Alcoholic ketoacidosis: an underdiagnosed entity

Authors

  • Charlotte Mouliade Centre Hospitalier Ouest Réunion, service de Réanimation polyvalente et soins continus, 5 impasse Plaine Chabrier, Le grand pourpier sud, 97460 Saint-Paul, Ile de la Réunion. https://orcid.org/0000-0001-5698-9936
  • Boris Rosenbaum Centre Hospitalier Cochin Port Royal, Service d’hépatologie, 27 rue du Faubourg Saint Jacques, 75014 Paris.
  • Vincent Mallet Centre Hospitalier Cochin Port Royal, Service d’hépatologie, 27 rue du Faubourg Saint Jacques, 75014 Paris 
  • Lionel Ursulet Centre Hospitalier Ouest Réunion, service de Réanimation polyvalente et soins continus, 5 impasse Plaine Chabrier, Le grand pourpier sud, 97460 Saint-Paul, Ile de la Réunion.
  • Alexandre Gauthier Centre Hospitalier Ouest Réunion, service de Réanimation polyvalente et soins continus, 5 impasse Plaine Chabrier, Le grand pourpier sud, 97460 Saint-Paul, Ile de la Réunion

DOI:

https://doi.org/10.37051/mir-00060

Keywords:

alcoholic ketoacidosis, hyperlactatemia, alcohol dependance, electrolyte disturbance

Abstract

Alcoholic ketoacidosis (AKA) is a common and underdiagnosed cause of metabolic acidosis in patients with an alcohol-related disorder. It is a cause of non-hypoxic hyperlactatemia and its identification is particularly interesting in order to not multiply medical exams. Indeed, AKA will be cured by a simple management. Clinically, patients have digestive signs such as nausea, vomiting and abdominal pain after a bout of heavy drinking following by few days of fasting. On clinical examination, they have no impairment of consciousness and most often have a relatively well-preserved general condition. Biologically, there is a metabolic acidosis with an elevated anion gap associated with electrolyte disturbances and moderate hyperlactatemia. The pathophysiology of this acidosis is complex and involves an accumulation of ketone bodies, lactate and acetate. This diagnosis is unknown and often delayed or missed while its identification is essential in order to not confuse it with diabetic ketoacidosis. In fact, insulin treatment is at major risk of hypoglycemia, sometimes fatal, in these malnourished patients.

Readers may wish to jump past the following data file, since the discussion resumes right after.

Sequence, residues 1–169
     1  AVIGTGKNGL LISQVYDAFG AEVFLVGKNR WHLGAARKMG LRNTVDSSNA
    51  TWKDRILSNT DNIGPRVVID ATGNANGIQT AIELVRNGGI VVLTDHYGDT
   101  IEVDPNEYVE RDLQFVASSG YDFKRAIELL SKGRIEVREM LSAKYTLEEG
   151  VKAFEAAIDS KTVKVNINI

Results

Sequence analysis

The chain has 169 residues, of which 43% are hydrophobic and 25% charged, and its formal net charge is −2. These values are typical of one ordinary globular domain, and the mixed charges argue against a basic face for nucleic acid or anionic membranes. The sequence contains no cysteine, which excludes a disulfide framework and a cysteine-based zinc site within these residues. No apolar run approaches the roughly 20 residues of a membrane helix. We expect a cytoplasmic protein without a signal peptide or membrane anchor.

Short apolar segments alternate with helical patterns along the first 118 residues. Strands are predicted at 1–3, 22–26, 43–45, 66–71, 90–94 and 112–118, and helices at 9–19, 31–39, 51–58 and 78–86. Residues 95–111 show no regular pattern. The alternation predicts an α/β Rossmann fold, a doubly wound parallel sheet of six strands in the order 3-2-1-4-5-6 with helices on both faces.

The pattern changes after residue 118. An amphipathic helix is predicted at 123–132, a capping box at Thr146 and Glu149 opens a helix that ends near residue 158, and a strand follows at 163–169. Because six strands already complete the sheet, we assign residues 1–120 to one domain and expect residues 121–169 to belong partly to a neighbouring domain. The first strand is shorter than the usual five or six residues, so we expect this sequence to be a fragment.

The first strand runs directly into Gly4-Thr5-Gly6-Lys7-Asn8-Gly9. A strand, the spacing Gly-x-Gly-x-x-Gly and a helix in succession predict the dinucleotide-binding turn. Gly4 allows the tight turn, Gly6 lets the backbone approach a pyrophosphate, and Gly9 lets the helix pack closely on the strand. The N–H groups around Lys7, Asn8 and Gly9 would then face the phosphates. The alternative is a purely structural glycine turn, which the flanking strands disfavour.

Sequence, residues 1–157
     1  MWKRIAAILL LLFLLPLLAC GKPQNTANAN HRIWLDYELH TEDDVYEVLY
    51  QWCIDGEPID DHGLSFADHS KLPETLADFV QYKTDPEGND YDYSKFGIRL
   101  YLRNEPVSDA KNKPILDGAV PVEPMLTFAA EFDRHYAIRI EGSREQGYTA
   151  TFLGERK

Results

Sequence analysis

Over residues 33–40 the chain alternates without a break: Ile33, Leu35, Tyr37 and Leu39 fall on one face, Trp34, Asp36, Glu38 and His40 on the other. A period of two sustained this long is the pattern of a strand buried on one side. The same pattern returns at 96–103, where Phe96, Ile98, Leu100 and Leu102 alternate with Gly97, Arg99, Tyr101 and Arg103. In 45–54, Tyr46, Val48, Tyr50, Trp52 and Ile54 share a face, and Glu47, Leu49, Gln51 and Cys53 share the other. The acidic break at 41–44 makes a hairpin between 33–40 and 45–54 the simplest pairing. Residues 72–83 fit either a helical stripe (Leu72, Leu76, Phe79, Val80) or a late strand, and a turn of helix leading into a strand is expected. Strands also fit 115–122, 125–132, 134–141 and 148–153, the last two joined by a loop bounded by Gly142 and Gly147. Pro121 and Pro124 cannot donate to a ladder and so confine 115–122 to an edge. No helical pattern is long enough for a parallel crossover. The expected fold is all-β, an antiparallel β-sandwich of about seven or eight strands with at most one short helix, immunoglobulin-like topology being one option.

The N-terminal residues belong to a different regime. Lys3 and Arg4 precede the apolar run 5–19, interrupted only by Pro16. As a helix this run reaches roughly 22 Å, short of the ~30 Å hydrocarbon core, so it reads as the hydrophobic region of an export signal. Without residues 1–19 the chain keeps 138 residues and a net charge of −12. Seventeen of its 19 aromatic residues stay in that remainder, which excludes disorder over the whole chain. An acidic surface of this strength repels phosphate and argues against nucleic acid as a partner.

The treatment consists of vitamin therapy and the correction of hydro-electrolyte disorders. Insulin and bicarbonate infusion should be avoided. The evolution is favorable and the acidosis is corrected in a few hours after this treatment. The risk is the recurrence of episodes. 

The purpose of this article is to describe the clinical, biological and pathophysiology of AKA so that it will be better recognized and its management more quickly implemented.

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Published

2021-03-18

How to Cite

Mouliade, C., Rosenbaum, B., Mallet, V., Ursulet, L., & Gauthier, A. (2021). Alcoholic ketoacidosis: an underdiagnosed entity. Médecine Intensive Réanimation. https://doi.org/10.37051/mir-00060

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